Joseph Naso listens to Chief Deputy Public Defender David Brown
during his arraignment on murder charges
in Marin County Superior Court in San Rafael, Calif. on Wednesday,
April. 13, 2011.
(Photo: Alan Dep, AP)
Joseph Naso, left, talks with legal adviser Pedro Oliveros during
opening statements in Marin Superior Court.
Joseph Naso in court during closing arguments.
Joseph Naso makes his closing statements.
(Marin Independent Journal, Robert Tong / AP Photo)
Naso's home in Reno, Nevada, where police say they found a diary
documenting the rapes and sexual
assaults of underage girls and
women alongside posed photographs of two murder victims.
the mid-seventies in Rochester, N.Y., three pre-teens were killed.
Like Naso's alleged victims, the three girls
had first and last
names that started with the same letter. One of them, Carmen
Colon, even had the same
name as one of Naso's alleged victims.
When Naso's arrest was made public, the cold case detectives in
New York cracked open their old files to see
if anything squared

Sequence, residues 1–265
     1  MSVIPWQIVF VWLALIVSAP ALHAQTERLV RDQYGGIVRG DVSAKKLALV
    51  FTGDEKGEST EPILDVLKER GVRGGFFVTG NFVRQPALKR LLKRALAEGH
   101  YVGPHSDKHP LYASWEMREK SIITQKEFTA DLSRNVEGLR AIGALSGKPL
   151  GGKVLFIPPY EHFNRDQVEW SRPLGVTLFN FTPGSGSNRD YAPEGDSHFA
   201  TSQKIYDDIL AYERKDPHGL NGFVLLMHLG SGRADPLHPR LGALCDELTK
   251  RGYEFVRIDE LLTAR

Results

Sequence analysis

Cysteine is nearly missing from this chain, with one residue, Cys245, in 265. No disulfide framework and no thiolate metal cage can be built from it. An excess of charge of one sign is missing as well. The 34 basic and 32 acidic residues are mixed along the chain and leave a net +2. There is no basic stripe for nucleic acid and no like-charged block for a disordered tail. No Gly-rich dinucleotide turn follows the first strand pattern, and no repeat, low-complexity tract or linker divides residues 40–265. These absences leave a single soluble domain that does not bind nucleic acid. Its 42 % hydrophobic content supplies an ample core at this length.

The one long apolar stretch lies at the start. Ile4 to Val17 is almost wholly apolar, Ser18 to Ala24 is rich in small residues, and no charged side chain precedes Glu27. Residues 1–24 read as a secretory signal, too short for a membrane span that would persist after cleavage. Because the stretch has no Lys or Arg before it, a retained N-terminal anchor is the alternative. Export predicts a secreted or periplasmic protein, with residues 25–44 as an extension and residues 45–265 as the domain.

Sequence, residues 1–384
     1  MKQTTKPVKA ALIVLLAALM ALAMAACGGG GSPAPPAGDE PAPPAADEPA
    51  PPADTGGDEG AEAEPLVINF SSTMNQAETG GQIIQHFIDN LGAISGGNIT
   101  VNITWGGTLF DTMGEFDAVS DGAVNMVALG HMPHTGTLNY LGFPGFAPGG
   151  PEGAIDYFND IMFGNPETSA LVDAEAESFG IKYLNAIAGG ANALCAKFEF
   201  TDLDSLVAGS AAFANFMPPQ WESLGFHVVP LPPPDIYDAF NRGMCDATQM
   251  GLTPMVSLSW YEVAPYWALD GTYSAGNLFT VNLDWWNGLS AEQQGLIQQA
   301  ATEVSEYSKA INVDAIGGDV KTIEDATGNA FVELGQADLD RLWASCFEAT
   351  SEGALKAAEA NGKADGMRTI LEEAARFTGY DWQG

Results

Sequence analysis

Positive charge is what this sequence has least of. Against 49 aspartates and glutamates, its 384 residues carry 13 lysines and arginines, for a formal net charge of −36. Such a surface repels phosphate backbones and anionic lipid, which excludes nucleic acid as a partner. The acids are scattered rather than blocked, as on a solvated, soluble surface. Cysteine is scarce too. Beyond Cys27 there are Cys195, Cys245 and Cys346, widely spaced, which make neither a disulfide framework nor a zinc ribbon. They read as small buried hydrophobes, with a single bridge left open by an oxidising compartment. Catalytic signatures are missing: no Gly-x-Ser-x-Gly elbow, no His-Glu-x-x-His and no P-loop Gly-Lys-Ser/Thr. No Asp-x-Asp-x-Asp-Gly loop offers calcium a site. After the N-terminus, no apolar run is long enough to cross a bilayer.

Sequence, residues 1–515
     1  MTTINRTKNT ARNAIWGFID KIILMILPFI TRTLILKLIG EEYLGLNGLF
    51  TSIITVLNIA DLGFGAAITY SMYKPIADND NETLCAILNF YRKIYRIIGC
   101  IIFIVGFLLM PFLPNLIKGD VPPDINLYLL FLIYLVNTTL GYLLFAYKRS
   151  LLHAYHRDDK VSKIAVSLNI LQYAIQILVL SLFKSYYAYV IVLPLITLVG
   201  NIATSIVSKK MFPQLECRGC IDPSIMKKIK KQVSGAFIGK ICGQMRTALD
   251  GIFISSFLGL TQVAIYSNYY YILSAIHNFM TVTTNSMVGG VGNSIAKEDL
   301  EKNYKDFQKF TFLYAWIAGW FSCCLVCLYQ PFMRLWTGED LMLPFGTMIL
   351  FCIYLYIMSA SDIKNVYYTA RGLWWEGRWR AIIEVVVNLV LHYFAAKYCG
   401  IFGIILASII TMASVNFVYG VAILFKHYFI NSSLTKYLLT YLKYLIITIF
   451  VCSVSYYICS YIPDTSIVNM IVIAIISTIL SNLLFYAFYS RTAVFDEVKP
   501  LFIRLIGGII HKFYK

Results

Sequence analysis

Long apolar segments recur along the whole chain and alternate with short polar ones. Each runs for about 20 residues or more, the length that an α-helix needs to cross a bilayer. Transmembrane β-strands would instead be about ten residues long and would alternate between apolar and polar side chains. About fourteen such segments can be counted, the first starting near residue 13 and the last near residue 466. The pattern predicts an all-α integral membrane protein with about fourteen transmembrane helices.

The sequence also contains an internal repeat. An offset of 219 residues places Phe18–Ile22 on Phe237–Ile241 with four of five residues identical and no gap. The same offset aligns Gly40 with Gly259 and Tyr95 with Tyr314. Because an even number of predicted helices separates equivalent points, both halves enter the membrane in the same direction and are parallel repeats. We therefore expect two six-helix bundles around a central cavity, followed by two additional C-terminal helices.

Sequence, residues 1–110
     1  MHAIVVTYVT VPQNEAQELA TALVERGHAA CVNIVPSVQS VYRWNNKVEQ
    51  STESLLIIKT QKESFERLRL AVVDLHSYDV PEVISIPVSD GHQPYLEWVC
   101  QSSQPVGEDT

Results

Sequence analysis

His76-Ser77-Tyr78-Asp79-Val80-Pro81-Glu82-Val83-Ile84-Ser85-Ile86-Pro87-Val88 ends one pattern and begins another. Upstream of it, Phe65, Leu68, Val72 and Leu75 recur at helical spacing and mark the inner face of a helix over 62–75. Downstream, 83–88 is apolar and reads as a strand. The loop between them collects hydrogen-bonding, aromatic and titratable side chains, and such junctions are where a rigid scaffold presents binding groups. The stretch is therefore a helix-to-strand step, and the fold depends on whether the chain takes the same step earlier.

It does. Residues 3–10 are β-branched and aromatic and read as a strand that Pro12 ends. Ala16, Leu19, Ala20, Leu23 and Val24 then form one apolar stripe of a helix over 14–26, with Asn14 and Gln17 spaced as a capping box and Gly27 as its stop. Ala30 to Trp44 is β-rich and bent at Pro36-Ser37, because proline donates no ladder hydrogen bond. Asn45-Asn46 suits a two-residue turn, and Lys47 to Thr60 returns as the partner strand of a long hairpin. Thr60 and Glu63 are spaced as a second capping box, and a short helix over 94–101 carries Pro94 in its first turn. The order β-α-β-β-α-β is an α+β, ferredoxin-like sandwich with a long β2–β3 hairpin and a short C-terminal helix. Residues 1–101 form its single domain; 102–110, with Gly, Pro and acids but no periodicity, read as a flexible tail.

up. But it was determined that though there was a similarity in
the names of the victims,
little else was the same.
For one thing,
the women connected to the Naso case, were much older and were
mostly prostitutes. The
victims in the original "double initial
killings," were young. Colon, Michelle Maenza, Wanda Walcowicz
all between 10 and 12 years old. That they were from the same
area where Naso had lived for a spell, and
during that same time
period he was back visiting relatives, seemed to be a coincidence.
Police ruled Naso
out when DNA from the California killings didn't
match the DNA left on Walcowicz.
18-year-old Roxene Roggasch
22-year-old Carmen Colon
38-year-old Pamela Parsons
31-year-old Tracy Tafoya